Of all the characters Harlan Coben has created in his more than two dozen mysteries, none is as popular as Windsor Horne Lockwood III, or, Win, as his very few close friends call him. Win appears as a supporting player in Coben’s numerous Myron Bolitar novels. In Coben’s newest, Win gets the title and the major role.
For those who haven’t had the pleasure of meeting Win, he’s good-looking, very smart, and extremely wealthy. He’s a fighting machine, having been trained in many martial arts, and comfortable pursing his own brand of justice which, on several occasions, has resulted in injuries, even death, for the opposing party. Although he has a daughter, he prefers to arrange his sexual assignations via an elite app, with both parties engaging in the act with no strings and no recriminations.
Win is used to winning. In this outing, however, he’s on the defensive, pulled into a criminal investigation that involves his influential family. More than 20 years ago, Win’s uncle Aldrich Powers Lockwood was killed and Win’s cousin, Patricia, was kidnapped during a robbery. For more than five months, Patricia was held as a prisoner in a shack, dubbed the Hut of Horrors, until she managed to escape. Now, a dead body has turned up in the Beresford, an historic apartment building on Manhattan’s West Side. Inside the apartment is Johannes Vermeer’s painting, “The Girl at the Piano,” that was stolen when Patricia was abducted. Also in the apartment is a leather suitcase bearing the initials WHL3. Win has no idea how the painting and suitcase ended up in the apartment. At first glance it appears the dead man is a recluse and a hoarder. Later Win learns from one of his contacts that the dead man was part of the Jane Street Six, an anti-war group responsible for killing seven and injuring a dozen in an attack in the early 1970s.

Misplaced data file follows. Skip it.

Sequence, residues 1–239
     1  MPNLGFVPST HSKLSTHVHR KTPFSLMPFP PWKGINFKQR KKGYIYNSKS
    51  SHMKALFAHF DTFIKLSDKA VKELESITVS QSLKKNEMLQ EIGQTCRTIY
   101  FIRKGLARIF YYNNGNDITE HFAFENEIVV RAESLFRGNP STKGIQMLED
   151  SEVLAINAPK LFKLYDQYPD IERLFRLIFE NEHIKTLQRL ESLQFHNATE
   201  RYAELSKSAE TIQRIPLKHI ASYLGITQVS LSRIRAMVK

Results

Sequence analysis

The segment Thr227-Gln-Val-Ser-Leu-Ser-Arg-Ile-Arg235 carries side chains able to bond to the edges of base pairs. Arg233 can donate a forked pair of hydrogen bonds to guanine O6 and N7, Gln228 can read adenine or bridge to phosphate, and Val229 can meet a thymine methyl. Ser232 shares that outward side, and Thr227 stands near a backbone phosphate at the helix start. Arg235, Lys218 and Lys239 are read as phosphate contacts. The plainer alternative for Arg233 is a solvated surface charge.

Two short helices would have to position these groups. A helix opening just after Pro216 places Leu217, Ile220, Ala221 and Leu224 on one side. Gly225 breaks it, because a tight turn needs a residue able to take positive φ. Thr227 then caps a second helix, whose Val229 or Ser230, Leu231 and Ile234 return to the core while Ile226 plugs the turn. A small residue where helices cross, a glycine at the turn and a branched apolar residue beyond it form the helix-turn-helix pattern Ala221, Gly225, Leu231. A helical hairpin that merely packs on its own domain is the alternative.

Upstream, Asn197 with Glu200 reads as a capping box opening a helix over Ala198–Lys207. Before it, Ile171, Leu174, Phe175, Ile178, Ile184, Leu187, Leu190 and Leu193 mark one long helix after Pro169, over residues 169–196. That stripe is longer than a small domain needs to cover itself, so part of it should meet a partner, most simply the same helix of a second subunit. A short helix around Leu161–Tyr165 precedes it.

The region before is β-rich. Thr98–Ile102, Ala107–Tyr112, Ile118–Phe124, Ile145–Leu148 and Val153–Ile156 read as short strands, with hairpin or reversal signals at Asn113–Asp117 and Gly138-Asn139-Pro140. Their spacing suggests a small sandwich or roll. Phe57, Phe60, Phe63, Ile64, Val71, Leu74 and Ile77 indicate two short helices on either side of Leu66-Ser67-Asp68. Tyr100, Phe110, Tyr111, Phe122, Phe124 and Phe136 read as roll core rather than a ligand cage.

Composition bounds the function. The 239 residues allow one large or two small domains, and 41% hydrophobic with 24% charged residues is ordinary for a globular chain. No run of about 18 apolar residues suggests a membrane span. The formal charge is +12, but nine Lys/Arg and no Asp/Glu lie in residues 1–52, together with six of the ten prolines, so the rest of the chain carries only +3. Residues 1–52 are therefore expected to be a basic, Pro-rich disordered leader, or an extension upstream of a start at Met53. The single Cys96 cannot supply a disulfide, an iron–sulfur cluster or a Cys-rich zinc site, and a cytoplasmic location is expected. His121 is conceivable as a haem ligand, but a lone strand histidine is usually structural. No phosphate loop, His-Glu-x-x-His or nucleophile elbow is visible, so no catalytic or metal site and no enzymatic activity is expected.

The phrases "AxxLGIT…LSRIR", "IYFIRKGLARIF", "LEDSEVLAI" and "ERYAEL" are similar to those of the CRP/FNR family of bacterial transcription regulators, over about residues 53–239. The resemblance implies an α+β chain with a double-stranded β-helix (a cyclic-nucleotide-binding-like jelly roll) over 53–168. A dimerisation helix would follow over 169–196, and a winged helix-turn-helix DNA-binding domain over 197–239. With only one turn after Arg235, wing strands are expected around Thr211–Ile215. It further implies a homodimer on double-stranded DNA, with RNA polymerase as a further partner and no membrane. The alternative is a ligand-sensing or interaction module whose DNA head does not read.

Trying to stay one step ahead of the FBI, Win dives into the past, tracking down any of the Jane Street Six who may still be alive. In doing so, however, he also unearths many secrets that have remained hidden within his own family for decades.
Win is the polar opposite of Myron Bolitar, the former basketball star turned sports agent who made his debut in Coben’s 1995 best seller, Deal Breaker. Myron and Win are the odd couple – Myron the boy scout, Win the rouge. But the two are loyal to each other and their friendship somehow works. No doubt, though, that Win’s popularity stems from the fascination fans feel watching this wealthy Robin Hood settle scores for so many who feel disenfranchised. He may cross the line, but he somehow always remains on the side of good.
With this latest novel, Coben will not only burnish his own reputation as one of the best mystery writers around today, but also increase the fan base for the irrepressible Win.